Does Kancelaria Medius S.A. (WSE:KME) Have A Good P/E Ratio?

This article is for investors who would like to improve their understanding of price to earnings ratios (P/E ratios). To keep it practical, we’ll show how Kancelaria Medius S.A.’s (WSE:KME) P/E ratio could help you assess the value on offer. Kancelaria Medius has a P/E ratio of 6.35, based on the last twelve months. In other words, at today’s prices, investors are paying PLN6.35 for every PLN1 in prior year profit.

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How Do You Calculate A P/E Ratio?

The formula for P/E is:

Price to Earnings Ratio = Price per Share ÷ Earnings per Share (EPS)

Or for Kancelaria Medius:

P/E of 6.35 = PLN9.3 ÷ PLN1.46 (Based on the trailing twelve months to September 2018.)

Is A High Price-to-Earnings Ratio Good?

A higher P/E ratio means that buyers have to pay a higher price for each PLN1 the company has earned over the last year. That is not a good or a bad thing per se, but a high P/E does imply buyers are optimistic about the future.

How Growth Rates Impact P/E Ratios

P/E ratios primarily reflect market expectations around earnings growth rates. That’s because companies that grow earnings per share quickly will rapidly increase the ‘E’ in the equation. That means even if the current P/E is high, it will reduce over time if the share price stays flat. So while a stock may look expensive based on past earnings, it could be cheap based on future earnings.

It’s nice to see that Kancelaria Medius grew EPS by a stonking 47% in the last year. And its annual EPS growth rate over 5 years is 42%. So we’d generally expect it to have a relatively high P/E ratio.

How Does Kancelaria Medius’s P/E Ratio Compare To Its Peers?

The P/E ratio essentially measures market expectations of a company. We can see in the image below that the average P/E (9.4) for companies in the commercial services industry is higher than Kancelaria Medius’s P/E.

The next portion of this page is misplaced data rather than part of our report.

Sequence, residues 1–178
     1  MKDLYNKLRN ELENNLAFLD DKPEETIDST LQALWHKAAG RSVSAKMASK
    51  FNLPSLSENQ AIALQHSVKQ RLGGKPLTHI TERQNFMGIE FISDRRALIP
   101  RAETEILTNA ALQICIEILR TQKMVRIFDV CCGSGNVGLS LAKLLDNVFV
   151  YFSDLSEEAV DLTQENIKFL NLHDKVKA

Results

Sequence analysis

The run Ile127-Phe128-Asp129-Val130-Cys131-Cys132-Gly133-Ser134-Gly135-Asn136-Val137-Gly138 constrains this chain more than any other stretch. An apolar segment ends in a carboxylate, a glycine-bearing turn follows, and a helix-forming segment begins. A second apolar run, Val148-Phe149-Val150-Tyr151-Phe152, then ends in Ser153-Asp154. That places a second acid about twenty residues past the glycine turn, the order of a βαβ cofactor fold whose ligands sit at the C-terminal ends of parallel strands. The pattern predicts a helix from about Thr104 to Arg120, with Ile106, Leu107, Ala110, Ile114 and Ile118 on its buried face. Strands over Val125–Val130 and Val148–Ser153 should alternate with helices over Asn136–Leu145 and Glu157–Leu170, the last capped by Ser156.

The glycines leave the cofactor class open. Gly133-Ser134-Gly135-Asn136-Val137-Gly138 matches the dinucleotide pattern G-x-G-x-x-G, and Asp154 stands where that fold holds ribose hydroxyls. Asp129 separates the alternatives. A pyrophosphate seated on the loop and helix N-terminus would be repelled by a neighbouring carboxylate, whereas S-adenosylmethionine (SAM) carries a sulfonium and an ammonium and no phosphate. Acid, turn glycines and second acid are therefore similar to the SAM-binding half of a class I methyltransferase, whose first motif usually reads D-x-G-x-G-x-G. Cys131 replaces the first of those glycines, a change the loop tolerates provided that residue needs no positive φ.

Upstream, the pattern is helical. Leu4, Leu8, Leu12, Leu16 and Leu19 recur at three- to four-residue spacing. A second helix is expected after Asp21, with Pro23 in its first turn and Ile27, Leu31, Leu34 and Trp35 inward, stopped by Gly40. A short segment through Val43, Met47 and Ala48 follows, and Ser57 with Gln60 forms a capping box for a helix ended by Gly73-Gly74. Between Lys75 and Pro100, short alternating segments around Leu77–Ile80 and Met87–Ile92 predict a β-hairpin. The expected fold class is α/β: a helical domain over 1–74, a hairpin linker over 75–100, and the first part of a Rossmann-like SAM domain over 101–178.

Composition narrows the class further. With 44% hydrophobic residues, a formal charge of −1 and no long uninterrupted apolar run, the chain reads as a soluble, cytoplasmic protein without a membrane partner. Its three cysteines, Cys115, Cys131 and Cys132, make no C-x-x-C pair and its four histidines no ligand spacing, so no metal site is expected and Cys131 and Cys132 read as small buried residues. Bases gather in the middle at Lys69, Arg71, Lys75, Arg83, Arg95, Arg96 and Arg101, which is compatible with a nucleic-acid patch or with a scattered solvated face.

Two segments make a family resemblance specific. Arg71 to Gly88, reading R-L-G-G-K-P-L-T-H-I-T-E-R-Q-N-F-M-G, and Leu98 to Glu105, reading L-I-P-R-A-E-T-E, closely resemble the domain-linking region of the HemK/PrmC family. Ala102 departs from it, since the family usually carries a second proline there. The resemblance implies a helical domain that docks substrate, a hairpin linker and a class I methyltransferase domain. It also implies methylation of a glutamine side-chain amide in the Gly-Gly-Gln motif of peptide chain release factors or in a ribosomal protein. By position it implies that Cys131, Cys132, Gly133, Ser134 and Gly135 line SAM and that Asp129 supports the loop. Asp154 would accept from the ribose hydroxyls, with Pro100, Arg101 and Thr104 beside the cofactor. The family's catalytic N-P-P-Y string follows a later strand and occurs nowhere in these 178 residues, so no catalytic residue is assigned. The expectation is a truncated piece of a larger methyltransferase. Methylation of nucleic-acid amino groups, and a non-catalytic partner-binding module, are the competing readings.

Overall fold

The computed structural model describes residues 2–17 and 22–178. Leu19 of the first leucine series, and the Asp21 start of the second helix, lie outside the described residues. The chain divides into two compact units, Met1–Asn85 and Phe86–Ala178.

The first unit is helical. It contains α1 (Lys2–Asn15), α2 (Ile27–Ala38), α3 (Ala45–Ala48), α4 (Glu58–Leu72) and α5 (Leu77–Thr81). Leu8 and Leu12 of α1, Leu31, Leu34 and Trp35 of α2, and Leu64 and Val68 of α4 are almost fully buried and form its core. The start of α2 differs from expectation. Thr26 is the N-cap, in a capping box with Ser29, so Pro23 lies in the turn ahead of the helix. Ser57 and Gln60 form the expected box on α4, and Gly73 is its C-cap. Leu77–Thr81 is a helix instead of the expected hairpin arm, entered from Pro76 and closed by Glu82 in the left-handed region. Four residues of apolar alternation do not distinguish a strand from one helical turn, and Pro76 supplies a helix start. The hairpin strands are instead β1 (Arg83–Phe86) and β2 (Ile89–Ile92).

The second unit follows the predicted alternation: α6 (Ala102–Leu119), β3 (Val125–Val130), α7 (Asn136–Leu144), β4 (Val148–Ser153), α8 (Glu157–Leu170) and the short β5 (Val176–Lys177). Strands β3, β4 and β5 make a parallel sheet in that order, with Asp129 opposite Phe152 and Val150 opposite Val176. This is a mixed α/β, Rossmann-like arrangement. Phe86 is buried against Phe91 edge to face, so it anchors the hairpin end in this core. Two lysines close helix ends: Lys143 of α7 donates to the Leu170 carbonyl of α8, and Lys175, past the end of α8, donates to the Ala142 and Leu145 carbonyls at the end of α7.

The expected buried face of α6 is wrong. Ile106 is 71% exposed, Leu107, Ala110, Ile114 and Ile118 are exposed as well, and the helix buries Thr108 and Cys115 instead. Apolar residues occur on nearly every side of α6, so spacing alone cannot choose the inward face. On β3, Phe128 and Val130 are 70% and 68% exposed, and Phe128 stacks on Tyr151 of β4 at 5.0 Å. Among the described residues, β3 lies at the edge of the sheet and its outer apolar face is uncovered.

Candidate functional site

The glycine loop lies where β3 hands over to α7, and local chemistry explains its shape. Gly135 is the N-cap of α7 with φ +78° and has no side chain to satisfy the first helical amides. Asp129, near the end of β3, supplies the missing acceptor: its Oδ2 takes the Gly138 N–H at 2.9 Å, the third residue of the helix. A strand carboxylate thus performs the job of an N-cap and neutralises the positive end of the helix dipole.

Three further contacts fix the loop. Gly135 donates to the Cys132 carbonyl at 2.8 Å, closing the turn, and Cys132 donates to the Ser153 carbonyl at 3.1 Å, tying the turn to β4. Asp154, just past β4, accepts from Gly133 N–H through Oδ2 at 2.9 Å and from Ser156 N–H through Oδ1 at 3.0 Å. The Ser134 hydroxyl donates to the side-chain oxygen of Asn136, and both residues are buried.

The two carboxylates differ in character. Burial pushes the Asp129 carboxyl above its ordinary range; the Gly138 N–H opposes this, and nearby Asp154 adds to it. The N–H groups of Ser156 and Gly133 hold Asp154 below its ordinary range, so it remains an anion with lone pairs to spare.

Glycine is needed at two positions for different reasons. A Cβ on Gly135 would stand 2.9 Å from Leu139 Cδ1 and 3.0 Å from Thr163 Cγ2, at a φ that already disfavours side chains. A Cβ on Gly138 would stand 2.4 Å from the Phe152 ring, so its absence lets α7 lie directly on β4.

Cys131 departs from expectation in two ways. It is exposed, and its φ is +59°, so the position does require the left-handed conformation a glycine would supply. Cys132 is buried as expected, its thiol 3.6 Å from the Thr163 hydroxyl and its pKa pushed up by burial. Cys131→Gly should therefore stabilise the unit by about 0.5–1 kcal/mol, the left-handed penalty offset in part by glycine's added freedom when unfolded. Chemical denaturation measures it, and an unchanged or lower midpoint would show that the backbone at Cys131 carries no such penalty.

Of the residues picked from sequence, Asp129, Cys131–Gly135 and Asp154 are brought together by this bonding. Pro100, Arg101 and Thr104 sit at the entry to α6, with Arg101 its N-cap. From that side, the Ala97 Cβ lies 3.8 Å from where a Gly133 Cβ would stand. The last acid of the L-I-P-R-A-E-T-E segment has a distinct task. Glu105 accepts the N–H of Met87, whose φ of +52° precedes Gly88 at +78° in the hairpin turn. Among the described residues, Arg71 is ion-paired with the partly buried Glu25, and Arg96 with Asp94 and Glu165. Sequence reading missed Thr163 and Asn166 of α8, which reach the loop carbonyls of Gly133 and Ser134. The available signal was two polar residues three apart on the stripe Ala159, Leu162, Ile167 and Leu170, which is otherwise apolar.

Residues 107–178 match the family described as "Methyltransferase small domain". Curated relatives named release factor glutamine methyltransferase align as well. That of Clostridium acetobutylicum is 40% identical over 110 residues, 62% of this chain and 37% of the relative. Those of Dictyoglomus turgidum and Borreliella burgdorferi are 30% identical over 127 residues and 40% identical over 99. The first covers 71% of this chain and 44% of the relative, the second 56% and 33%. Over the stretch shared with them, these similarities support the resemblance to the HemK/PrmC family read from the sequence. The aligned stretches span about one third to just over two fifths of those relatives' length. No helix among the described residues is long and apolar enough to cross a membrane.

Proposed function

WSE:KME PE PEG Gauge January 17th 19
WSE:KME PE PEG Gauge January 17th 19

Its relatively low P/E ratio indicates that Kancelaria Medius shareholders think it will struggle to do as well as other companies in its industry classification. Many investors like to buy stocks when the market is pessimistic about their prospects. You should delve deeper. I like to check if company insiders have been buying or selling.

A Limitation: P/E Ratios Ignore Debt and Cash In The Bank

It’s important to note that the P/E ratio considers the market capitalization, not the enterprise value. That means it doesn’t take debt or cash into account. Hypothetically, a company could reduce its future P/E ratio by spending its cash (or taking on debt) to achieve higher earnings.

Such expenditure might be good or bad, in the long term, but the point here is that the balance sheet is not reflected by this ratio.

How Does Kancelaria Medius’s Debt Impact Its P/E Ratio?

Kancelaria Medius’s net debt is 71% of its market cap. This is enough debt that you’d have to make some adjustments before using the P/E ratio to compare it to a company with net cash.

The Bottom Line On Kancelaria Medius’s P/E Ratio

Kancelaria Medius’s P/E is 6.3 which is below average (10.2) in the PL market. The company may have significant debt, but EPS growth was good last year. The low P/E ratio suggests current market expectations are muted, implying these levels of growth will not continue.

Investors have an opportunity when market expectations about a stock are wrong. If it is underestimating a company, investors can make money by buying and holding the shares until the market corrects itself. We don’t have analyst forecasts, but you could get a better understanding of its growth by checking out this more detailed historical graph of earnings, revenue and cash flow.

Of course you might be able to find a better stock than Kancelaria Medius. So you may wish to see this free collection of other companies that have grown earnings strongly.

To help readers see past the short term volatility of the financial market, we aim to bring you a long-term focused research analysis purely driven by fundamental data. Note that our analysis does not factor in the latest price-sensitive company announcements.

The author is an independent contributor and at the time of publication had no position in the stocks mentioned. For errors that warrant correction please contact the editor at